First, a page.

Teenage Liberation Handbook
Your allies among the Rich and Famous
I suppose it shouldn’t have surprised me, but it did. I’d heard of a few “famous” people who hadn’t gone to school, so I went to the library to check up on them. I steered into the reference section and sat down with a tack of Current Biography Yearbooks. I started by looking up the names on my list, but pretty soon I was just turning pages and laughing. Why?
1. On the average, one out of every five or six people featured had dropped out of school or else not attended much formal school. (The Current Biography Yearbook is published every year. It contains hundred of short biographies on people who are currently prominent in some field — worldwide government leaders, entertainers, scientists, writers, artists.)
2. In almost all of the biographies, it was clear that the forces which had shaped these brilliant lives had little or nothing to do with school. Instead, other experiences had inspired and nurtured them.
For instance, Luc Montagnier, French virologist famous for his research on the AIDS virus, was inspired to become a scientist mainly because 1) his father, a CPA, kept a laboratory in the garage, 2) he was allowed to have his own laboratory in the basement, and 3) at age 15, he watched his grandfather die of cancer.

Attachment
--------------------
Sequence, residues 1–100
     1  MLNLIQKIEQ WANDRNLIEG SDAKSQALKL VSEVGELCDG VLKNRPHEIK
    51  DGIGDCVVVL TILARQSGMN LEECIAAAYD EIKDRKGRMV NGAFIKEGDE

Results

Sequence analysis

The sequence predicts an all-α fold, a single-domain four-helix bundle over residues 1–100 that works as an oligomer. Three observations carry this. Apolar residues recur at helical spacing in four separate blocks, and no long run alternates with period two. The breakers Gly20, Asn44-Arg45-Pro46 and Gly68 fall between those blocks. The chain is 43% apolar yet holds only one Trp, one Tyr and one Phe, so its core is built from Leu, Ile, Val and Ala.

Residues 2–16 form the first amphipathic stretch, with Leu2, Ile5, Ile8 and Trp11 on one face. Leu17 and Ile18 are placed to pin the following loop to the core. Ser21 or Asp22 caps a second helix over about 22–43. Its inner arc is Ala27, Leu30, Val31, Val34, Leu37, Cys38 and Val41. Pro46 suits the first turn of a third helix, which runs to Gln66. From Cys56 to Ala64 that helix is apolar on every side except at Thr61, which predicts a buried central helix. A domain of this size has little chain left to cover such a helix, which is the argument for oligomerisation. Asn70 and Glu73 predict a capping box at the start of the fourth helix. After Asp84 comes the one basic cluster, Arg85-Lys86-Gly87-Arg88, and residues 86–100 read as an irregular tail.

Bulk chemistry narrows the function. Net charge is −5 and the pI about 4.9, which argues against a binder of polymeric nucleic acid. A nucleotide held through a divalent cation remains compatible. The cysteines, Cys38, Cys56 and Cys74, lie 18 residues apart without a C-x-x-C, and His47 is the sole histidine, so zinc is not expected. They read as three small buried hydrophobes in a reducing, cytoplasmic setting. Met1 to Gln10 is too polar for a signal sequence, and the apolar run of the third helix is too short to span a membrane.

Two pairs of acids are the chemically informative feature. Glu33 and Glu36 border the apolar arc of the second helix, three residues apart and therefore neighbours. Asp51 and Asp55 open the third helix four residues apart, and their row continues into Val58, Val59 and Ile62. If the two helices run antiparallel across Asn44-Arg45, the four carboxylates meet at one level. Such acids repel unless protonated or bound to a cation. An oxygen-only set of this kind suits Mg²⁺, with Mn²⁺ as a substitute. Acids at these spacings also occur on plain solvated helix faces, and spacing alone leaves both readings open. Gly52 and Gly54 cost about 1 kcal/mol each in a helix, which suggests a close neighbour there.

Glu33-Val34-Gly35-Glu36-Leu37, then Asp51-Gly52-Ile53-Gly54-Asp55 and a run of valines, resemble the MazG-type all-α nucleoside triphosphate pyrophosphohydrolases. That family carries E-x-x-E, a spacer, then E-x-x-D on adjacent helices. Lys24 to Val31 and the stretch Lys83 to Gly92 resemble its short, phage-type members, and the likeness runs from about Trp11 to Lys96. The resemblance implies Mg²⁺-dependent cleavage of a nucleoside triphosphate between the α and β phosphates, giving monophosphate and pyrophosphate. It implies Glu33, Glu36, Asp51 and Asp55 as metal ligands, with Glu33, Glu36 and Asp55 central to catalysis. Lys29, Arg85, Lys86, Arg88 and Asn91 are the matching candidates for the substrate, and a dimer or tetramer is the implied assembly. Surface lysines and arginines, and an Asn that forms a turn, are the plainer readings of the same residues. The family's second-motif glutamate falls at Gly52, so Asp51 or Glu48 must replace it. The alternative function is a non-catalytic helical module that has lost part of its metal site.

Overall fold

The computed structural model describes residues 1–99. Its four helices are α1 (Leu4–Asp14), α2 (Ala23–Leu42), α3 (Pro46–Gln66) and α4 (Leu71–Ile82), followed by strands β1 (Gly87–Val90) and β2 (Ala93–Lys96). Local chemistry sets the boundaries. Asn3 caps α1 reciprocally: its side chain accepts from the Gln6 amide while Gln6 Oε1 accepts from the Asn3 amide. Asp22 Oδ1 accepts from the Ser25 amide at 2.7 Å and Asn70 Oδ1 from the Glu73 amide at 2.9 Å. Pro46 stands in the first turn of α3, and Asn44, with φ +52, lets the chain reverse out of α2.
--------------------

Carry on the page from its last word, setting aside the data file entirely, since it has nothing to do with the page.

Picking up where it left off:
Also for instance, Steven Spielberg learned filmmaking by experimenting with his father’s 8mm camera. In high school, he spent a lot of time making films in order to escape studying algebra and French. Later, he sneaked onto movie sets to watch (his high school grades were too low to get him into film school).
3. Lots of famous people had to go to school — they’d probably never heard of “unschooling” — but had nasty commentary. Examples at the end of this chapter.
I am not bringing up the subject of rich famous people to suggest that it is necessarily fulfilling to be rich and famous. However, information like this is a good kick in the pants for all the unimaginative, illogical people who believe quitting school generates “failure”.
Keep your ears open, and compile your own list of admirable independent learners. Here is part of mine, from various sources including encyclopedias and Current Biography. Some people on the list have more headroom in other chapters.
Some people who dropped out of high school or otherwise escaped much or all of the usual teenage schooling:
Ansel Adams, Joan of Arc, Roseanne Barr, Irving Berlin, Rosamond Bernier, Claude Berri, William Blake, Art Blakey, John Boorman, Pearl Buck, Liz Claiborne, Samuel Clemens (Mark Twain), Buffalo Bill Cody, Noel coward, Charles Dickens, Bo Diddley, Thomas Edison, Benjamin Franklin, Henry Ford, George Gershwin, Whoopi Goldberg, Samuel Gompers, Maxim Gorki, Robin Graham, Patrick Henry, Eric Hoffer, John Houston, John Paul Jones, Cyndi Lauper, William Lear, Abraham Lincoln, Jack London, Beryl Markham, Liza Minnelli, Wolfgang Amadeus Mozart, Sean O’Casey, Florence Nightingale, Beatrix Potter, David Puttnam, Deith Richard, Clement W. Stone, Randy Travis, Frank Lloyd Wright, Orville and Wilbur Wright, Brigham Young.
Also: one third of the men who signed the Declaration of Independence, the Articles of Confederation, and the Constitution of the United States had no more than a few months of schooling up their sleeves. Historian Harry G. Good describes several of them: